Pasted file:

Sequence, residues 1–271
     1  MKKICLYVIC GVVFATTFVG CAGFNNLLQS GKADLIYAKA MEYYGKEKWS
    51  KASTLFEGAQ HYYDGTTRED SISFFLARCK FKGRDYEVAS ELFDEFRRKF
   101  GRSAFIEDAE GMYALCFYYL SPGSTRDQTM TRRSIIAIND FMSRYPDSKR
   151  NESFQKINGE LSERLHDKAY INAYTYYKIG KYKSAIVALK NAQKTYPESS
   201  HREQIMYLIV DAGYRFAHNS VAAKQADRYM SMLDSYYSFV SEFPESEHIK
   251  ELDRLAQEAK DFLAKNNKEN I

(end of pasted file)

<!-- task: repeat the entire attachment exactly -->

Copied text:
Sequence, residues 1–271
     1  MKKICLYVIC GVVFATTFVG CAGFNNLLQS GKADLIYAKA MEYYGKEKWS
    51  KASTLFEGAQ HYYDGTTRED SISFFLARCK FKGRDYEVAS ELFDEFRRKF
   101  GRSAFIEDAE GMYALCFYYL SPGSTRDQTM TRRSIIAIND FMSRYPDSKR
   151  NESFQKINGE LSERLHDKAY INAYTYYKIG KYKSAIVALK NAQKTYPESS
   201  HREQIMYLIV DAGYRFAHNS VAAKQADRYM SMLDSYYSFV SEFPESEHIK
   251  ELDRLAQEAK DFLAKNNKEN I